Scene 3 Summary
In narration, Tom says that the idea of getting Laura married became an obsession with Amanda, that she talked about it all the time and that she started getting money together so she could dress up both Laura and the apartment. The focus of the scene changes, and Amanda is revealed talking on the telephone to one of her friends, whom she's trying to convince to buy a magazine subscription. She refers repeatedly to a short story series in the magazine, and is very surprised when her friend hangs up on her.
A light focuses attention on Laura as Tom and Amanda are having a loud argument. Amanda has thrown out some of Tom's books because she considered them immoral and dangerous. This has made Tom furious, and his resentment at having no life of his own explodes into anger as he rants...
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Tom speaks to the audience, saying that after the fiasco at the business college, Amanda became obsessed with finding a "gentleman caller" for Laura.
The audience then sees Amanda. Realizing that some extra money will be required to spend on the apartment to make it look nice, she makes telephone calls selling subscriptions to a woman's magazine.
After the theater lights dim, the voices of Tom and Amanda are heard quarreling again. Tom is angry with Amanda's control over his life. The day before, she returned one of his books to the library because she did not approve of its contents.
The lights come up, showing a typewriter and a pile of manuscripts on the table. It appears that the quarrel was sparked by Amanda's interruption of Tom's creative work.
The quarrel continues. Tom says he is going out, and Amanda responds by saying she does not believe he goes to the movies every night. She thinks he must be doing something he is ashamed of. He comes home late and gets only a few hours sleep. Amanda is certain that he is jeopardizing his job, and their security. Tom replies that he hates his job at the warehouse and working there means he has to give up all his dreams. He says that if he was really as selfish as she thinks he is, he would already have left home, like his father did.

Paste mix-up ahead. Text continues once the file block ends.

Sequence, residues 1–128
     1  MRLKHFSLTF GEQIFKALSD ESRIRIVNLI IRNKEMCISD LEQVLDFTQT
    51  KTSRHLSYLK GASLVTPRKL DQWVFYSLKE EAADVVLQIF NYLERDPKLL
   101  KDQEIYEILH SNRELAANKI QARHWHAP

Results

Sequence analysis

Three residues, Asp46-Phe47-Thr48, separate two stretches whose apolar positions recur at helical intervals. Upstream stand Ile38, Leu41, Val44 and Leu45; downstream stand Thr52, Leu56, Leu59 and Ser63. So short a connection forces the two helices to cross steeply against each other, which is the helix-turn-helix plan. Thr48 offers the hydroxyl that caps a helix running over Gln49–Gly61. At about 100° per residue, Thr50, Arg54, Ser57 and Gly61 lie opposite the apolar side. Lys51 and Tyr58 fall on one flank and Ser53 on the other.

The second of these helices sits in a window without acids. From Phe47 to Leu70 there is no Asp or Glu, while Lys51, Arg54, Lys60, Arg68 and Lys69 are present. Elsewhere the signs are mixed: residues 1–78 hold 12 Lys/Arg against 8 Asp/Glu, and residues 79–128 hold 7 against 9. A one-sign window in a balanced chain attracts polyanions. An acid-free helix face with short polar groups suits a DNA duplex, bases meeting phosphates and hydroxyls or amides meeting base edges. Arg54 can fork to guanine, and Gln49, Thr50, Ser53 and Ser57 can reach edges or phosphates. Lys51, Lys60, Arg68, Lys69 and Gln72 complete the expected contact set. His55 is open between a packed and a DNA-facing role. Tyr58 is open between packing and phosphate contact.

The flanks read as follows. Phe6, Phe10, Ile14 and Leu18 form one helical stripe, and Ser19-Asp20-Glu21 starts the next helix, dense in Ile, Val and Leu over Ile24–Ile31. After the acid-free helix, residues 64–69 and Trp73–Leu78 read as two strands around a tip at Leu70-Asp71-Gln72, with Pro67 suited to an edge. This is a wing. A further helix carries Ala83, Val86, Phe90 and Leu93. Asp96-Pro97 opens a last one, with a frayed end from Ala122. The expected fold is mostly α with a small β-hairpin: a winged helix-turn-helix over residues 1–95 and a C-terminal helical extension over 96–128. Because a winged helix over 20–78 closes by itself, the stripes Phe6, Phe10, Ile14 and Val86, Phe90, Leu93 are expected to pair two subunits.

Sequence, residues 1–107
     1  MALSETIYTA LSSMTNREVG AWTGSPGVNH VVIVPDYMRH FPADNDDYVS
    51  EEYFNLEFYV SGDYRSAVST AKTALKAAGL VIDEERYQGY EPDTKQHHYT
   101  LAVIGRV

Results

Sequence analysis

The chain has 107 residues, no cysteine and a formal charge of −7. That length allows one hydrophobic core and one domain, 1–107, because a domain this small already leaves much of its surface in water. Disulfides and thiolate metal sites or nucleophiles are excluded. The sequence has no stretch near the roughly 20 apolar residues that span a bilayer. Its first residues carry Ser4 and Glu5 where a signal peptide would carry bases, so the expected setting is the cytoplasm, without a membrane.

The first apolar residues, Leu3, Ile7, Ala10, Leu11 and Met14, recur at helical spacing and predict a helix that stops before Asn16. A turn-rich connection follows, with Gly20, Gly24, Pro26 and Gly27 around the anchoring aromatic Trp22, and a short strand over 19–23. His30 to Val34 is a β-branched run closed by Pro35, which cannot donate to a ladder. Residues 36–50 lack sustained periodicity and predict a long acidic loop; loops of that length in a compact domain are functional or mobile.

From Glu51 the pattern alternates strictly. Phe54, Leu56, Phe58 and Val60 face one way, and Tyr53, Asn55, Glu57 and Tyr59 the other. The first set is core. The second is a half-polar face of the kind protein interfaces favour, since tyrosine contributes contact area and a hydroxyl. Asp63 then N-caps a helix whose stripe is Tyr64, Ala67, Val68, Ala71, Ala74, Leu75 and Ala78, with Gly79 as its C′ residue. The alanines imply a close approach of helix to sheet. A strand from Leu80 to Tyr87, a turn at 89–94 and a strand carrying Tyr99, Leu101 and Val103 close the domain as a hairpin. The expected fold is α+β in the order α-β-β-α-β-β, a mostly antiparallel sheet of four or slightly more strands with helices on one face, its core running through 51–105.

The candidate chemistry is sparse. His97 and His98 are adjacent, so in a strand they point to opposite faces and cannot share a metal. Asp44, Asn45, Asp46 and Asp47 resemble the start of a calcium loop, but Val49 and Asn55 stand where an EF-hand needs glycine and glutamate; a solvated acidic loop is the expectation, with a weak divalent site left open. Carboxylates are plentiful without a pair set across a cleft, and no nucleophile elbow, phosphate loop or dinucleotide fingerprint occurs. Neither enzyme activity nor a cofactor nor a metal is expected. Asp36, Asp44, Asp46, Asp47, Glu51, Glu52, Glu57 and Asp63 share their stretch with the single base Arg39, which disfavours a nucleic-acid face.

When he starts to go out, Amanda says she still doesn't believe he is going to the movies. He replies with some wild exaggerations about what he is really going to do, including going to opium dens and gambling casinos. He says he is a hired assassin and carries a tommy-gin in a violin case. Carried away by his anger and frustration, he calls Amanda a witch. He hurls his coat across the room where it smashes against Laura's collection of glass animals. Laura is horrified. Amanda is stunned by Tom's calling her a witch and says she will not speak to him until he apologizes. Amanda exits, leaving Tom and Laura together. Tom collects the broken glass.
If the previous scene showed how Amanda and Laura were each trapped in their own ways, this scene shows how Tom is trapped too. He is by nature a poet and a writer (as the pile of manuscripts on the table shows), and he cannot bear to fritter his life away working at the warehouse. He knows he has to escape.
The difference between Tom and his mother can be seen in their tastes in literature. Amanda likes romantic, escapist fiction of the sort published in The Home-maker's Companion, which suits her old-fashioned view of the world. Tom prefers D. H. Lawrence, who lauds the sensual, instinctive, earthy dimension to life. But Amanda regards Lawrence's books as "filth."
It is obvious that the glass menagerie is a symbol of the fragility of Laura's life. When some of the animals are accidentally broken, she cries out "as if wounded."